This is perhaps Frank Capra's best film, along with Mr Smith Goes to Washington. It captures a mood and feel that was unique to the era, and unable to be replicated in the dismal 1973 musical remake. During the years the film was truncated, first for re-release during World War II where the opening titles were altered to implicate the Japanese, and then for television. In the 1960s it was discovered that the original negative had deteriorated beyond repair, and in 1973 a project was launched to restore the film to its full 132-minute original running time. Some missing parts were located in a 16mm television print in Canada, and the full soundtrack was found in England. However, some seven minutes of footage is still lost. In this restoration, the full audio is used and the missing parts are replaced with stills. The largest gap is a comic sequence involving Horton and Mitchell in the village near the lamasery.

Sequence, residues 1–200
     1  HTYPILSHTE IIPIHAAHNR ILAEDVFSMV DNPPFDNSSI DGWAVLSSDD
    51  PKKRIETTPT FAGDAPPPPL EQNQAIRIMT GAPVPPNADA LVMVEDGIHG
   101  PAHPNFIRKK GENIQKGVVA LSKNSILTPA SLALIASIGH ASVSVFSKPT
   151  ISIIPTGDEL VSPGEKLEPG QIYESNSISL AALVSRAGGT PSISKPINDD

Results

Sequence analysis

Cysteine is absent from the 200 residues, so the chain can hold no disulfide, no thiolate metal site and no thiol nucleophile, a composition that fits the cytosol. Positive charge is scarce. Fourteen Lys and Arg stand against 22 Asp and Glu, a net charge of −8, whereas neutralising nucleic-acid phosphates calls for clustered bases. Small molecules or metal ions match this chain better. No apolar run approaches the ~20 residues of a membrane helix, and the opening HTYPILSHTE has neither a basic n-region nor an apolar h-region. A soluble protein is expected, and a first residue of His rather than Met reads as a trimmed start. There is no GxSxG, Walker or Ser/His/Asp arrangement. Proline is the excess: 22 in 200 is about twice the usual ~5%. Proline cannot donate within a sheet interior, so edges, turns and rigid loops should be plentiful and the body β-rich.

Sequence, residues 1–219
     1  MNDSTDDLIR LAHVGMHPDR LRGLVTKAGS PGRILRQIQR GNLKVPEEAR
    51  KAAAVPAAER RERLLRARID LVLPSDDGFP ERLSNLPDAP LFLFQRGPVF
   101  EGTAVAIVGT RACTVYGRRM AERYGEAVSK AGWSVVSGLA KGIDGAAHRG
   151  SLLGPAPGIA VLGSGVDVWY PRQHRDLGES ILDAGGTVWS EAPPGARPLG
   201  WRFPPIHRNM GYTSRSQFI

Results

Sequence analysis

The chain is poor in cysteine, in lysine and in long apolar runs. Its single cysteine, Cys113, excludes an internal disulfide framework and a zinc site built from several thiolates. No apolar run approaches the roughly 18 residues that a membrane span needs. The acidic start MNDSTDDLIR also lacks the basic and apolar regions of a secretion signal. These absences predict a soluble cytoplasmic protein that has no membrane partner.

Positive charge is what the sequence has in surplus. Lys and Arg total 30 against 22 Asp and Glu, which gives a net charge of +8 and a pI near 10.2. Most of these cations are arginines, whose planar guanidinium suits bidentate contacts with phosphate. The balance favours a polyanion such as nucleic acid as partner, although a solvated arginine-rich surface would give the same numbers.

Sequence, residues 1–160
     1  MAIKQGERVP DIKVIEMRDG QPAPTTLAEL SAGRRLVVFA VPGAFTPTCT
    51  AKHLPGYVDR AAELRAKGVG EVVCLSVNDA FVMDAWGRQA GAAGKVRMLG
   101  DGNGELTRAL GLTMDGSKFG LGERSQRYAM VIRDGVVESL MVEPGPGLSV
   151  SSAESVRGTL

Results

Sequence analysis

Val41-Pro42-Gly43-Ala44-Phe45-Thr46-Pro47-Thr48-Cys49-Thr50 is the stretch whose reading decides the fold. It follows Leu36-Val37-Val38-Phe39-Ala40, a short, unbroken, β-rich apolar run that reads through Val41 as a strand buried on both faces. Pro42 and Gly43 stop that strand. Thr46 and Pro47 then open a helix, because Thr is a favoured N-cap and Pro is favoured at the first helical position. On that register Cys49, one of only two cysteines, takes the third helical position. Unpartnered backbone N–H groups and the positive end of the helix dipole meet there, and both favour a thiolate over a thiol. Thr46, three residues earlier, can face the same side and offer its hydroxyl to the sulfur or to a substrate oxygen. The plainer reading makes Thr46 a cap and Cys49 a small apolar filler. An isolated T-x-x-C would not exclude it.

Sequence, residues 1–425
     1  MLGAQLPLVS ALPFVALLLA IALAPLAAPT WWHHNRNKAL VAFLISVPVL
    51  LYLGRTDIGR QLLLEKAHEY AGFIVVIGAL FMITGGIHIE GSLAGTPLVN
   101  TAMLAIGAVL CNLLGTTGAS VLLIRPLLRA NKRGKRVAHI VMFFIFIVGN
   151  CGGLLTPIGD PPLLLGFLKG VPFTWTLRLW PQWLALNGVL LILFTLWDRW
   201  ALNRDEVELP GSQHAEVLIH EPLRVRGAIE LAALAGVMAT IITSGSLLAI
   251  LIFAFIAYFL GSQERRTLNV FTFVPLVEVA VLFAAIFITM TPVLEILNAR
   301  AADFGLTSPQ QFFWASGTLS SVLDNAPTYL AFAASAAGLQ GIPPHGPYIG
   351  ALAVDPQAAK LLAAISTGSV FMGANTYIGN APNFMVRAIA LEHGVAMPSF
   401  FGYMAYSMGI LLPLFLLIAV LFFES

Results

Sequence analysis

Unless a pristine original print turns up, which is very unlikely, this is as close to the original vision as we are likely to get. While not in its ideal state, the film is a classic and this still shows through with what we have. This is a fine DVD edition and is well worth the relatively small cost.
The film is presented in an aspect ratio of 1.33:1. It was originally shot in 1.37:1.
The transfer is quite variable in quality, all of which can be sheeted home to the state of the print material. The transfer is sharp and clear, but detail levels vary. The 35mm material looks a lot better than the 16mm blow-ups, which are very soft.
There is a reasonable range of grey tones and whites and blacks in the 35mm shots, but the tones are less defined in the 16mm material, and contrast levels in the latter are poor.
Again, it is the blown-up material that suffers from artefacting, mainly in the form of posterisation. Film artefacts can be seen throughout, but are mostly white flecks. Some of the blow-ups have scratches.
The disc has multiple subtitle options. The English subtitles are in smallish white font and are faithful to the dialogue. There are also subtitles for the audio commentary but not in English.
The disc is RSDL-formatted with the layer change placed at 81:51 during a black screen between scenes
There are audio tracks in multiple languages. All are Dolby Digital 2.0 mono.